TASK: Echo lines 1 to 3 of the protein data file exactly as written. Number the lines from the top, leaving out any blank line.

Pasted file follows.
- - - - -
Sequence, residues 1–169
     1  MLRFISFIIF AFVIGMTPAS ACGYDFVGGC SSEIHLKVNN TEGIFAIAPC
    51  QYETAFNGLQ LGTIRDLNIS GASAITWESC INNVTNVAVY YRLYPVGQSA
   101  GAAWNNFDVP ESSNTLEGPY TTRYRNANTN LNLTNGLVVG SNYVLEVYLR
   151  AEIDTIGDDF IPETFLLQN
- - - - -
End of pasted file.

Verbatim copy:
Sequence, residues 1–169
     1  MLRFISFIIF AFVIGMTPAS ACGYDFVGGC SSEIHLKVNN TEGIFAIAPC
    51  QYETAFNGLQ LGTIRDLNIS GASAITWESC INNVTNVAVY YRLYPVGQSA